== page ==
Gas Fire Stoves - Warmth and Atmosphere without the Inconvenience
- Author Kathryn Dawson
- Published June 25, 2010
- Word count 724
If you grew up in a house that used wood or coal for heating, you'll appreciate the ease, cleanliness and convenience that gas fire stoves offer. No need to prepare wood and coal and clean out the grate every few days. Just turn your gas stove on and push the igniter button to enjoy the clean and quiet warmth that gas provides. Here's a look at the many advantages gas offers as a fuel.
Gas stoves are clean and easy to use but can give the same cosy ambiance as solid fuel stoves. In fact, it's often to tell a gas stove apart from a coal or wood stove. The big difference is that you just turn on the gas, push the igniter and you're away. You just let it run without having to monitor it all the time. There's no filling up with fuel or removal of waste products to be done. Better still, if you grew up in a home with wood fires and are nostalgic for their cheery crackling warmth, you can get some of the same effect from replica logs designed to simulate a real fire.
Another big plus for gas stoves is that unlike solid fuel stoves such as wood and coal fired, you have a far wider choice in the type of flue you can use. This gives you great flexibility when it comes to installing the stove in your home. Here are your options.
Firstly, there’s the conventional gas stove which releases gases through the top or rear of the unit and then out through the chimney. If you have no chimney, then a prefabricated flue is an option.
Next is a balanced flue gas stove. This vents through an outside wall and is an option if you have no chimney and are unable to install one. Likewise, a powerflue gas stove expels its gases through an external wall but uses a fan to allow the gas to be vented further. These two types of flue are quiet and weatherproof. Powerflues are acoustically dampened to minimise fan noise. If you wish to install one of these, you'll need to be sure that your stove is positioned against an outside cavity wall which is between 300 and 500mm thick. A powered flue also needs an electrical socket handy.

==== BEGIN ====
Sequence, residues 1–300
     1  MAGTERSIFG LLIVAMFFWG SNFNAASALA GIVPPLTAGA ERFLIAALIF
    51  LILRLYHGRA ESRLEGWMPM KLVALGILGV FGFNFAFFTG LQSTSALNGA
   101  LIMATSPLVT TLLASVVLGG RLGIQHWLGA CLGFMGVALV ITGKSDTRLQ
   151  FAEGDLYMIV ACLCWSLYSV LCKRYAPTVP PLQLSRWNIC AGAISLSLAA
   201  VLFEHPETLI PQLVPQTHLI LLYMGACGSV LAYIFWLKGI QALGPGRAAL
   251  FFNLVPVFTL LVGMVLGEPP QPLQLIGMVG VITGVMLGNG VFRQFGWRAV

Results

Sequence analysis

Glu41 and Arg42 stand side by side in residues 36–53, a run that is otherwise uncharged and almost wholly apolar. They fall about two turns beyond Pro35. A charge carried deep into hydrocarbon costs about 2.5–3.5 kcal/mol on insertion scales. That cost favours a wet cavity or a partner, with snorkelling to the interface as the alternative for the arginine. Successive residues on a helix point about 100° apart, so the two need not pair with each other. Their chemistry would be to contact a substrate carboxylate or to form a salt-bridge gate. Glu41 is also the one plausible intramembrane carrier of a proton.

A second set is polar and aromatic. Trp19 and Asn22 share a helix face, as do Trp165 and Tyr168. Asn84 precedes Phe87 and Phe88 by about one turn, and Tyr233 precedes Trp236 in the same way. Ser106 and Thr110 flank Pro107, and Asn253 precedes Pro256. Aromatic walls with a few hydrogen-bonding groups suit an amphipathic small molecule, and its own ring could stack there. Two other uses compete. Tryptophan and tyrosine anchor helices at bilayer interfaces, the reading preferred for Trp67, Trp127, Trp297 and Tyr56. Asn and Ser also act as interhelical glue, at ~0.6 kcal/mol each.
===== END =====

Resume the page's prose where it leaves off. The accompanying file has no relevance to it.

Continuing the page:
Finally, the flueless gas stove needs no method to vent gases externally.
If you've decided to install a gas fire in your home, here are some things to bear in mind.
There are two types of gas - natural gas or liquid propane gas (LPG). Mains natural gas is available throughout most of the UK and provides an economic heating fuel that can also be used for cooking. It's a very clean fuel and no storage is required. LPG has the advantage that it can be supplied to areas when mains natural gas is unavailable. On the other hand, you have to store the tanks in a safe place and replace them regularly. LPG also works out expensive owing to delivery and storage costs. This type of gas is best used to create a focal point when you already have a central heating system installed.
Gas stoves can be more expensive to buy and install than other types. But when it comes to running costs, they're generally cheaper than electrical stoves. It does depend on the type of gas used and the current market price for the fuel.
Installing a gas stove is straightforward. It's important to get a stove that has a heat output suitable for your room size. Output is measured in kilowatts. For a rough guide, multiply the length by the width by the height of your room (in cubic metres) and divide that number by 14. That will give you the approximate output needed to heat the room to a comfortable temperature.
So if you're in the market for a heater, consider gas. They blend high efficiency, cleanliness and quietness, realistic effects with instant operation. And your flue options are far more flexible than solid fuel alternatives.
To see the best available range of gas fires, check out the web sites of an online dealer. Here you can find full details of a extensive range of stoves with pictures and full details. You can place your order online and delivery is often free to a UK address.
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